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Nazi hunters launch new campaign.


OkToBeTakei

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http://uk.news.yahoo.com/nazi-hunters-l ... ml#Oqv224m

The 2,000 placards displayed in cities including Berlin feature a chilling black-and-white photograph of the Auschwitz-Birkenau death camp and the tagline: "Late but not too late."

Part of the Wiesenthal Center's "Operation Last Chance" to catch the surviving suspects behind World War II-era atrocities, the signs offer a reward of up to 25,000 euros ($33,000) for information leading to the capture and conviction of such criminals.

Zuroff estimates that only around 60 potential defendants are still alive. He dismisses the idea that they should be shown clemency given their advanced age.

"In my 33 years of hunting Nazis I never once had a case of a Nazi who ever said he was sorry," he said.

"Don't look at these people and see a frail old man or woman, think of someone who at the height of his physical strength devoted his energy to murdering innocent women and men. These are the last people on Earth deserving any sympathy because they had absolutely no sympathy for their victims."

There appears to be some discomfort with recent arrests and trials. One thing is certain, time is running out.

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I don't think that the still at-large Nazis should be shown clemency, but I do think trying to find them is kind of a waste of time and resources. At this point, bringing them to trial would be largely symbolic. They've lived full lives and are now very close to the natural end of those lives. What punishment can they really be given? Oh, spend the last year of your life behind bars then die of old age? Locking up elderly, infirm criminals for the very last of their years deprives them of some creature comforts, but it just doesn't seem to be as much of a punishment as it would have been years ago when imprisonment might have actually meant they lost their ability to live and work and have families, etc. Hell, some of them are so old they might well die before their trial ends.

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I don't think that the still at-large Nazis should be shown clemency, but I do think trying to find them is kind of a waste of time and resources. At this point, bringing them to trial would be largely symbolic. They've lived full lives and are now very close to the natural end of those lives. What punishment can they really be given? Oh, spend the last year of your life behind bars then die of old age? Locking up elderly, infirm criminals for the very last of their years deprives them of some creature comforts, but it just doesn't seem to be as much of a punishment as it would have been years ago when imprisonment might have actually meant they lost their ability to live and work and have families, etc. Hell, some of them are so old they might well die before their trial ends.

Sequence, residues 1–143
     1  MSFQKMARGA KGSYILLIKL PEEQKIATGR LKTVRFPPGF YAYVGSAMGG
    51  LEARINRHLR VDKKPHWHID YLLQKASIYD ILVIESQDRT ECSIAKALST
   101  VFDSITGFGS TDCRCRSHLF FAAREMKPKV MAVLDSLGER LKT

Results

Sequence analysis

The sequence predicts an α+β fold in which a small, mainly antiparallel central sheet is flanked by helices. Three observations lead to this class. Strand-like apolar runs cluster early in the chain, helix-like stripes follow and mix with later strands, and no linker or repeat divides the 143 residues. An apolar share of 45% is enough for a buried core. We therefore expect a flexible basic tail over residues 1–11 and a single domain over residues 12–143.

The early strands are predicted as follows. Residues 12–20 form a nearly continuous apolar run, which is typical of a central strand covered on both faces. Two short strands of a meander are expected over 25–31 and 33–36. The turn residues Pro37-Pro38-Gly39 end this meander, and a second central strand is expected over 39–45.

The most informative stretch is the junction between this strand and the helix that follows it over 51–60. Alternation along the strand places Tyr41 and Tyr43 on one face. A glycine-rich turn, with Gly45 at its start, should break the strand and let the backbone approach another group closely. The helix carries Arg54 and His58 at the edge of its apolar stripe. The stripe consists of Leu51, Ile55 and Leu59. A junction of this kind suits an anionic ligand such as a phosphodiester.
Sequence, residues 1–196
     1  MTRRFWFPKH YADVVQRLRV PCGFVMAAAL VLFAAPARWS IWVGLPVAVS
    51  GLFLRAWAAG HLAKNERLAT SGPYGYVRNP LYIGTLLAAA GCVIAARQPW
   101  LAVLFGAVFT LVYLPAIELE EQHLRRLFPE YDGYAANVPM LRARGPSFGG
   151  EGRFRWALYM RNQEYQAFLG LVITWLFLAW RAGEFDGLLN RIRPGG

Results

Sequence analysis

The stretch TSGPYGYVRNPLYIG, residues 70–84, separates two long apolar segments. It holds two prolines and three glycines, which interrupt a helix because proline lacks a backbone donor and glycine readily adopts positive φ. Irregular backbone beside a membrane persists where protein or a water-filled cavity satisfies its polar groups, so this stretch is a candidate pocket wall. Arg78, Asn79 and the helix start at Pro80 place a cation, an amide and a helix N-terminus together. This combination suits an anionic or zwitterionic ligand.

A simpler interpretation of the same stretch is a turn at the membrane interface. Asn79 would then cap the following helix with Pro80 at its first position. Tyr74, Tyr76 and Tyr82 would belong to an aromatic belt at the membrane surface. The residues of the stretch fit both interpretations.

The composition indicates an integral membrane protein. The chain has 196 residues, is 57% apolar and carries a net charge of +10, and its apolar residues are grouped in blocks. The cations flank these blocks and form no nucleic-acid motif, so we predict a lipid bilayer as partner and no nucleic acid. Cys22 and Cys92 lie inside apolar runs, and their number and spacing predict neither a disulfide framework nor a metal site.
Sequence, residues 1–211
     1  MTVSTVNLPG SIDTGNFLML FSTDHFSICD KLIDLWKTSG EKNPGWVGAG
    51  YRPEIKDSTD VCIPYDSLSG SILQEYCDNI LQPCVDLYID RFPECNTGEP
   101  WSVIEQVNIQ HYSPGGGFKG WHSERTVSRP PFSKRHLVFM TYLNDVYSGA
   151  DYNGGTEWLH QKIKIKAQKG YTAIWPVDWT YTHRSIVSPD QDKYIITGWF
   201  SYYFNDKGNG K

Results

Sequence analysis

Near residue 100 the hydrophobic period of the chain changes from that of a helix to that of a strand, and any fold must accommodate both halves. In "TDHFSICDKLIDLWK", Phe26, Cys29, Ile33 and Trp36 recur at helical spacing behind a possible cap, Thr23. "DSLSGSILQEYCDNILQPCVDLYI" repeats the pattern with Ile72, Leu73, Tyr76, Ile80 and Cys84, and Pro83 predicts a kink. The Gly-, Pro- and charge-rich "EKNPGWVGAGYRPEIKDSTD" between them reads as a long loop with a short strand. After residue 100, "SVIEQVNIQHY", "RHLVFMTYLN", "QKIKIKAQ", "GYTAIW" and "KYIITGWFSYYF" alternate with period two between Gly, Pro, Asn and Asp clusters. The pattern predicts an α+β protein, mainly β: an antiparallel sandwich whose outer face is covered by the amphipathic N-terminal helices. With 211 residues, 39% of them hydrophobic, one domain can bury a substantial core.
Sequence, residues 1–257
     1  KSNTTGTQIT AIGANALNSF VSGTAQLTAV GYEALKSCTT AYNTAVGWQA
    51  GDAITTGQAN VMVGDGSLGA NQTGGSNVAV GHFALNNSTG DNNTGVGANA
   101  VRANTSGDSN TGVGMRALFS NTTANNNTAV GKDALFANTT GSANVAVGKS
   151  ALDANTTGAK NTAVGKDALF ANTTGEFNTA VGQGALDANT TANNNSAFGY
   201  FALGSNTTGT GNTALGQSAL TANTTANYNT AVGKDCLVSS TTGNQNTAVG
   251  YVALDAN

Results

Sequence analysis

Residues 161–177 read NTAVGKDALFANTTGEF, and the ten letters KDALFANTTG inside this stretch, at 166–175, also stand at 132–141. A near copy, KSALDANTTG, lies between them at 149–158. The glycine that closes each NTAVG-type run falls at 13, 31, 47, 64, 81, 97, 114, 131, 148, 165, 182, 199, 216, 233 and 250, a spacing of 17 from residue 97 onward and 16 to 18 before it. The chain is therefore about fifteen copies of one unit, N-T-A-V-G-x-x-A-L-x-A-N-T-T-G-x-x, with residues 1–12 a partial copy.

Agreed. I honestly don't know what the solution is. When you're 90-something you really have a lot less to lose, and it seems pointless to do the whole trial-imprisonment thing for reasons you mention. Some of them are possibly suffering from dementia, too - what do you do with that?

And yet, there still needs to be some kind of acknowledgment of the terrible deeds these people have committed. How, I don't know.

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  • 2 weeks later...

I just started reading The Storyteller by Jodi Picoult, which is a book about this subject. I'm 100 pages into it and it is very good.

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I just started reading The Storyteller by Jodi Picoult, which is a book about this subject. I'm 100 pages into it and it is very good.

I've read that too. It was very interesting.

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